What happened

Shares of Avrobio (NASDAQ:AVRO) fell as much as 16.4% today after the company announced and priced a public offering of common stock. The small-cap biopharmaceutical company will raise up to $115 million in gross proceeds by selling up to 5 million shares at $23 apiece. 

The move wisely takes advantage of a soaring stock price, which was approaching a one-year high. The new funds will pad a balance sheet that sported $206 million in cash at the end of September and support ongoing development of the company’s gene therapy drug candidates.

As of 1:13 p.m. EST, the pharma stock had settled to a 15.2% loss.

Multiple arrows with a declining slope drawn on a chalkboard.

Image source: Getty Images.

So what

Avrobio has three gene therapy drug candidates in early-stage development. Given Avrobio’s market valuation of only $713 million, investors appear to be waiting for the company to demonstrate real-world success before they get too carried away. 

That’s not too surprising considering the early-stage nature of the drug pipeline, but Avrobio thinks it will eventually turn heads on Wall Street thanks to its technology platform. The company has designed a novel lentiviral vector (LV2) — a vector is the vehicle used to deliver the therapeutic payload into a patient’s cells — using its plato platform that is expected to boast several advantages over prior-generation vectors.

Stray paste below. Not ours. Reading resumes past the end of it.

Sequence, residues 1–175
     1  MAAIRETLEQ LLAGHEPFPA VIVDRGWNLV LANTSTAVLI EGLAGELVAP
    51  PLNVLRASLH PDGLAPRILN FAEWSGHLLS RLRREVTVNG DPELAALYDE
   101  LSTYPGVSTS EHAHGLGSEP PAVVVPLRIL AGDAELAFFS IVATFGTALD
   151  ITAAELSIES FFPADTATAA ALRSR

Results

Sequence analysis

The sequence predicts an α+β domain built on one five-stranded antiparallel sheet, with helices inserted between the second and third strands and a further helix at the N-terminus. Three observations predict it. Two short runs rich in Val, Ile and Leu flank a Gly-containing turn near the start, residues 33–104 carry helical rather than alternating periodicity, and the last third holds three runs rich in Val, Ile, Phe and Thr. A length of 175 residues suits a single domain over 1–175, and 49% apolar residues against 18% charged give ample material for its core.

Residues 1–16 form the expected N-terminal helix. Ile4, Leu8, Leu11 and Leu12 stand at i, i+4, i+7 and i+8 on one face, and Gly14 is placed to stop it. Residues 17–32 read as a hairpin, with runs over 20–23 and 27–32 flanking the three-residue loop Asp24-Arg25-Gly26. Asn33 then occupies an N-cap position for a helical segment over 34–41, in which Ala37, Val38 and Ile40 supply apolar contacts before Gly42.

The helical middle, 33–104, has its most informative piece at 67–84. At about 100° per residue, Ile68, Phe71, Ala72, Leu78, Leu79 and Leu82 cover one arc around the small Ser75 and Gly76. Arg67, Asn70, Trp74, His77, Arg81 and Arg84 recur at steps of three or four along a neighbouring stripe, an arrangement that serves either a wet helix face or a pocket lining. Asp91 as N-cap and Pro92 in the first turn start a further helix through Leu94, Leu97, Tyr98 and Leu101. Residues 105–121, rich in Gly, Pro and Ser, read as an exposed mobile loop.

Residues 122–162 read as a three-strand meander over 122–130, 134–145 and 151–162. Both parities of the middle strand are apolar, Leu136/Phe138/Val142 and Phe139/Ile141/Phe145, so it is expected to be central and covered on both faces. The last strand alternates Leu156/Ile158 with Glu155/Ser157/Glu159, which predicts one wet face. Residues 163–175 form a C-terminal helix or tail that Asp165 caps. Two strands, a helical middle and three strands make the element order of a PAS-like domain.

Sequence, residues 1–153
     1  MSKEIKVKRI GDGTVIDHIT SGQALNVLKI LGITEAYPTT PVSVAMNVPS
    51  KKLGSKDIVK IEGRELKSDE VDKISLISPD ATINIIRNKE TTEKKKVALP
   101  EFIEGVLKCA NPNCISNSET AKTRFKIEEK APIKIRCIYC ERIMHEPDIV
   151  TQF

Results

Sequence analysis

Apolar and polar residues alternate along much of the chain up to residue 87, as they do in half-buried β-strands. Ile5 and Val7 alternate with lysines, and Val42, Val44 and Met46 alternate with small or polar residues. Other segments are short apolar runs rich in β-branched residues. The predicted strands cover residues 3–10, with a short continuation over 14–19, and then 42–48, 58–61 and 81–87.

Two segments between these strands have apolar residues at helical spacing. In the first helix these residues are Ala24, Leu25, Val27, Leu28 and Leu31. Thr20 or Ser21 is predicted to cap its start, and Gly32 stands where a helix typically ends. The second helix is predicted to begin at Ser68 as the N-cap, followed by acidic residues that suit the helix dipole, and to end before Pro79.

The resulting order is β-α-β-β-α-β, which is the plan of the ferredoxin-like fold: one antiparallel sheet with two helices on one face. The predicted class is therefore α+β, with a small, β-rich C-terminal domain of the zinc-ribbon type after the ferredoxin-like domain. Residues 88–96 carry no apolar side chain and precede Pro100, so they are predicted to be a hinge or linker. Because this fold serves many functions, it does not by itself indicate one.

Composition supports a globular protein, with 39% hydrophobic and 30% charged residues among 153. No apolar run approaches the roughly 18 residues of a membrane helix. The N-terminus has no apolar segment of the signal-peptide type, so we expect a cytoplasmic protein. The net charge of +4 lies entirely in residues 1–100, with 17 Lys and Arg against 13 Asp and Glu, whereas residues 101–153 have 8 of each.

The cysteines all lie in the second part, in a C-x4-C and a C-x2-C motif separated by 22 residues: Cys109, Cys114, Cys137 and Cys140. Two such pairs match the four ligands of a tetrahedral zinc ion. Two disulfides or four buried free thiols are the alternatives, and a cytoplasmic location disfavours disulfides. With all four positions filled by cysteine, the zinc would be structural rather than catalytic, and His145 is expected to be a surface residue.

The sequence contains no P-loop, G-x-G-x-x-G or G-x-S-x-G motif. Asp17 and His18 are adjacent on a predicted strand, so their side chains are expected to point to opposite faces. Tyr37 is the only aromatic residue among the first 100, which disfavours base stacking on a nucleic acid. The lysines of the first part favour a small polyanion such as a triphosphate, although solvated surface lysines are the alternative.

For example, LV2 is expected to have greater efficacy at making genetic changes, allow for individualized conditioning and dosing regimens, have improved shelf life, and benefit from improved manufacturing processes. The first patient was dosed with a plato vector in late December. All new patients receiving treatment in two of the company’s three ongoing clinical programs will receive plato vectors going forward.

Now what

Avrobio should now have plenty of cash to support the continued development of its three experimental gene therapies throughout 2020. If early results from individuals dosed with drug candidates designed using the plato platform show promise, then Wall Street might take notice of the small-cap biopharmaceutical company. Until then, investors seem content to wait and see how things play out.





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